It's becoming more and more common for everyday appliances to have features we don't expect, and the implications for privacy and freedom can be surprisingly profound. We should be sure we know what we're buying into.
We need to learn to live with the big companies which dominate the internet - but right now our only policy responses are state control or free market monopoly.
The House of Lords is meant to be a place where those with specialist knowledge and experience can offer suggestions or amendments of how to improve the bills the Commons puts through - not remove our fundamental freedoms on a whim.
The security services want social networks like Facebook to be more forthcoming with material posted by users that might indicate a threat to national security. But the root causes of terrorism will never be fixed with data alone.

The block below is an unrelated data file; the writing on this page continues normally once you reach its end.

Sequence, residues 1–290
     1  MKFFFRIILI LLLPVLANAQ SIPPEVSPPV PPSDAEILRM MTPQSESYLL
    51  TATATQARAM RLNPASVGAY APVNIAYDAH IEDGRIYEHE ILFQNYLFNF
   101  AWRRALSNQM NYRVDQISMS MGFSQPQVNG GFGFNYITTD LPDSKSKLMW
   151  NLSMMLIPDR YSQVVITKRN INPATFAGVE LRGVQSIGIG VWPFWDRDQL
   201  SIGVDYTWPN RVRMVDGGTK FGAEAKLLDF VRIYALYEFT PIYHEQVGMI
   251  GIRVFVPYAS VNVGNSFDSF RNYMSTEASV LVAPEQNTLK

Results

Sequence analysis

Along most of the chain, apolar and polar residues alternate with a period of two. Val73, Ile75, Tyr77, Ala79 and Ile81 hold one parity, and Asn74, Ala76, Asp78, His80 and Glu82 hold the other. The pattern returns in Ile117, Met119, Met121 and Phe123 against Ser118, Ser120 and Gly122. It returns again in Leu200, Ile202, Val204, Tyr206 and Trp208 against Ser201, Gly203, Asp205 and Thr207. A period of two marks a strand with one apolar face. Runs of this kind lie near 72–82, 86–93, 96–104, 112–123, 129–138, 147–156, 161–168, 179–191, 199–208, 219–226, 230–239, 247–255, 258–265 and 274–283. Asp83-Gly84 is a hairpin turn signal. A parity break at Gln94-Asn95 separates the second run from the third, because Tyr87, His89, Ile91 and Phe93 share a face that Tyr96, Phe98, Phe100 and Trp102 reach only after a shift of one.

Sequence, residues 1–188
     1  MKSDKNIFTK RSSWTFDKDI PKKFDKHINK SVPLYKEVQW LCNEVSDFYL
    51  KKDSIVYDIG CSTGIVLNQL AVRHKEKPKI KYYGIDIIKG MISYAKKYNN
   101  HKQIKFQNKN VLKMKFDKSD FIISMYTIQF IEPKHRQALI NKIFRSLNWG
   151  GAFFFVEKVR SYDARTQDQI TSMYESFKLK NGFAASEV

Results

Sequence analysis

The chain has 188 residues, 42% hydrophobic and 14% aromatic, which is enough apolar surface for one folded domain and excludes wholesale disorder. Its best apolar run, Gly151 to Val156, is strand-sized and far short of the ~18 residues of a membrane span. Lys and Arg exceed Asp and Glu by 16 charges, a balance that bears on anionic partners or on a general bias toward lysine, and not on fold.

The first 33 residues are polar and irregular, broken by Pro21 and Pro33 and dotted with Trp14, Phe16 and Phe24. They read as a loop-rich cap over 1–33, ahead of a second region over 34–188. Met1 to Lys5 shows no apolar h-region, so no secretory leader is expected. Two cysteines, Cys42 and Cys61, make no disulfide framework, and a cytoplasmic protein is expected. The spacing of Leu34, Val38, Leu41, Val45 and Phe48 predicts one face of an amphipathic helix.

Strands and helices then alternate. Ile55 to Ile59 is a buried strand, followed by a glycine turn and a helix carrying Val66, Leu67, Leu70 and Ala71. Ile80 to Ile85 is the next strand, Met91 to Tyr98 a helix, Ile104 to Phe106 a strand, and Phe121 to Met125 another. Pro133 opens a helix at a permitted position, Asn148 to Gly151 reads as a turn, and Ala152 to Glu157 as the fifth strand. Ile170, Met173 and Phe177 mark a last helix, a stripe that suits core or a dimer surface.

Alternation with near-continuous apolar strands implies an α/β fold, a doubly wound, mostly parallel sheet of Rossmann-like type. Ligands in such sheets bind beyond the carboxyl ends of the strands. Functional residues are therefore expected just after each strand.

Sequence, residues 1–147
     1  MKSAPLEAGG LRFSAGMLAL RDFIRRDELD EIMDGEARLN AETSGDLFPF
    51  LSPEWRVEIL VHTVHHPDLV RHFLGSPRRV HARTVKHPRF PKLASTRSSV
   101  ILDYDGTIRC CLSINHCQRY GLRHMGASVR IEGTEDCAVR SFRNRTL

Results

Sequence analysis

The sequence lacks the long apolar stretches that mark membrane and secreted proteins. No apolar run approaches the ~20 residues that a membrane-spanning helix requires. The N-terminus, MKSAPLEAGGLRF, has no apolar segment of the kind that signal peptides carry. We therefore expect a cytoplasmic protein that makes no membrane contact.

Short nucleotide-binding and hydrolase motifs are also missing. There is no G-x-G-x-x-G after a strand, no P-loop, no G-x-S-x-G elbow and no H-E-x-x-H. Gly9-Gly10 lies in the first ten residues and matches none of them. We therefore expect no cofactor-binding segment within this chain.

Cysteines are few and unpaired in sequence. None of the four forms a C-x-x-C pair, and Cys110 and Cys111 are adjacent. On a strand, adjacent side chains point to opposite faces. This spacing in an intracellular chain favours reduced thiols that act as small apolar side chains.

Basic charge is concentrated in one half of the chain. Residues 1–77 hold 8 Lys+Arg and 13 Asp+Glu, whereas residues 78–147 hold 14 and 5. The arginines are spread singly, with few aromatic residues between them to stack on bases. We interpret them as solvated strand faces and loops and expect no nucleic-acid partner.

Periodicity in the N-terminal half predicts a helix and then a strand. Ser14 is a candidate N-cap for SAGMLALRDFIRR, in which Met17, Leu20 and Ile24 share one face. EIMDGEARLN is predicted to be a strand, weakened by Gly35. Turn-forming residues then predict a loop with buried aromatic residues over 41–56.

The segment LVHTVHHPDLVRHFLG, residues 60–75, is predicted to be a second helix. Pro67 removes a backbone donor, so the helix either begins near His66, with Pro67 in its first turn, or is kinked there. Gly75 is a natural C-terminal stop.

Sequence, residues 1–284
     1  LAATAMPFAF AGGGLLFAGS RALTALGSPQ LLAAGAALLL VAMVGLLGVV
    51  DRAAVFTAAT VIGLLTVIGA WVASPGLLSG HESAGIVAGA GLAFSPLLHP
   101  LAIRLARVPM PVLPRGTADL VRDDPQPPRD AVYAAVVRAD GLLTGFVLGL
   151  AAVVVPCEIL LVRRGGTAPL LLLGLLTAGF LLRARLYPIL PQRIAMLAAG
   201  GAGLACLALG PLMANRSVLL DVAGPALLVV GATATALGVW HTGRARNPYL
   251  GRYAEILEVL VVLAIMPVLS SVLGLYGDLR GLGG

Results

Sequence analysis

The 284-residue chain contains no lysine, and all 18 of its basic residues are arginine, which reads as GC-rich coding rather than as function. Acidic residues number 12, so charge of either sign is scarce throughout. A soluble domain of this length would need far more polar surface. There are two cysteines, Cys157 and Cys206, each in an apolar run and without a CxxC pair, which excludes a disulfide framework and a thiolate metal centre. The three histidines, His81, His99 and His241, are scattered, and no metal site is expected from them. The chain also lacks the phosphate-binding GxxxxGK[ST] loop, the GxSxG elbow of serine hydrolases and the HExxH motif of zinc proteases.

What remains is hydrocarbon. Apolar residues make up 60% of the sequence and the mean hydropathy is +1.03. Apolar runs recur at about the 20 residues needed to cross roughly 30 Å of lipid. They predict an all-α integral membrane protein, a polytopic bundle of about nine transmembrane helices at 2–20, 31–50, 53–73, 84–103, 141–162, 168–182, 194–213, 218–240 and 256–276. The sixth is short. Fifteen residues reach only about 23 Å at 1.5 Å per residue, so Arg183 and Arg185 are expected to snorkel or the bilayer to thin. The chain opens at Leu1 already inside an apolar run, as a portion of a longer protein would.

Facebook has backed down on making users go by their “real” names. It needs to realise that outness is a spectrum, and realness is best defined by the people who assume a name, not by a corporate policy.
Technology now lets you spy on your kids all the time. This is why you shouldn't.
It's a lot easier to stop advertisers tracking your browsing habits online than it is to stop people sniffing out your smartphone's location.
Why privacy is not just for "paedos".
The Court orders that a new and frightened young mother be left in peace.